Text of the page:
Most of us have or want a 3D printer, laser engraver, and CNC machine. However, if you think about it naively, these machines are not too different. You need a way to move in the XY plane and usually the Z axis as well.
Sure, people mount extruders on CNCs, or even lasers or Dremel tools on 3D printers. However, each machine has its own specifics. CNCs need rigidity. 3D printers should be fast. Laser engravers and CNCs usually don’t require a lot of Z-movement. So common sense would tell you that it would be difficult to design a machine so that all three functions work well in every use case. [Stefan] thought so too, until he got his hands on a Snapmaker 2.0.
As you can see in the video below, the machine uses different tool heads for each function. The motion system remains the same and, oddly enough, there are three identical linear motion modules, one for each axis.
In addition to the interchangeable heads, you also need to swap out the beds for various functions. That said, a quick switch is actually not an option. [Stefan] There are reportedly 22 screws that can be used to secure the heated bed for 3D printing, for example.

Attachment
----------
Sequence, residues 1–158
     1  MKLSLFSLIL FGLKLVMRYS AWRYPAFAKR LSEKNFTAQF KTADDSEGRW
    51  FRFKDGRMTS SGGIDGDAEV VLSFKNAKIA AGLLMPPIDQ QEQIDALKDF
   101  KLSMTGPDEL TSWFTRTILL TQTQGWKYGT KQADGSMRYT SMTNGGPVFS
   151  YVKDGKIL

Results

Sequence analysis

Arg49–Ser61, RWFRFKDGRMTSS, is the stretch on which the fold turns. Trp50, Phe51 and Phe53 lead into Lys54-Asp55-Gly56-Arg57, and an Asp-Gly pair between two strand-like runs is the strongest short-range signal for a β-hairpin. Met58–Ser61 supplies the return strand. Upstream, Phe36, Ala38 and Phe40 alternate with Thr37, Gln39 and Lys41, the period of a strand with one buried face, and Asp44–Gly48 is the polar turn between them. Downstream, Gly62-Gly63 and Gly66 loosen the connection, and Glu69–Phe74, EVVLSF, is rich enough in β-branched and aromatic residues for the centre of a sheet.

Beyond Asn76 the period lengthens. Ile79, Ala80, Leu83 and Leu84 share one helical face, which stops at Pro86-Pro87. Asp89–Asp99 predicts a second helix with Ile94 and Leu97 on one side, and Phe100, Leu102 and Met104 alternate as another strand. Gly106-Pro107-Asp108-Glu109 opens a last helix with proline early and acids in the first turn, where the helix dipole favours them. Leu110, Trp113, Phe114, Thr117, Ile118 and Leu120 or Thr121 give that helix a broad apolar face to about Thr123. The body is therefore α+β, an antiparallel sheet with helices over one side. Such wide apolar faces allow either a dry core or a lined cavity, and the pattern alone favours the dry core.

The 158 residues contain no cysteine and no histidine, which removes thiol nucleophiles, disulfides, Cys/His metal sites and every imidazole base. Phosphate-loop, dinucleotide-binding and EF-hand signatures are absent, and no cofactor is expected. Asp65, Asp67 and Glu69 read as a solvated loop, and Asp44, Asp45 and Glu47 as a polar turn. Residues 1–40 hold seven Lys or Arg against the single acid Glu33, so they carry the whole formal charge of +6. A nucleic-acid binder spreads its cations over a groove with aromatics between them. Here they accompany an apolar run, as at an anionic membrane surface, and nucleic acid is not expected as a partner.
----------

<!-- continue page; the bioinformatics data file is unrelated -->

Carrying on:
This is not cheap, of course, but if you had to buy all three machines you would probably be spending the same amount, especially on all aluminum-framed machines. There are some tradeoffs. The linear modules use a lead screw, which is an unusual choice on the X and Y axes for 3D printers because they are slow and have more slack than belts. However, [Stefan] found the quality to be good, although the print speed was slow and loud.
When machining with the CNC head, the rigid lead screws are of course a plus, even if the 50 W spindle will not replace a larger CNC machine. He could even work aluminum slowly. The laser head is modestly powered but has a camera and a low-tech air assistant, although it is not a suitable air system. A total of, [Stefan] I had the feeling that the machine could be used in all three phases. He missed a distinctive emergency stop switch on the machine or even on the graphical user interface.
Overall, the Snapmaker looks like a good concept with some implementation issues but no show stopper. Like most amateur builds, the machine is basically a small CNC with accessories for laser cutting and 3D printing. Could You Build Better? May be. Adjusting the build quality and software integration of the device wouldn’t be trivial, however.
We have seen conversions from 3D printers to a laser or a CNC more than once. The results will vary, of course, but it is doable.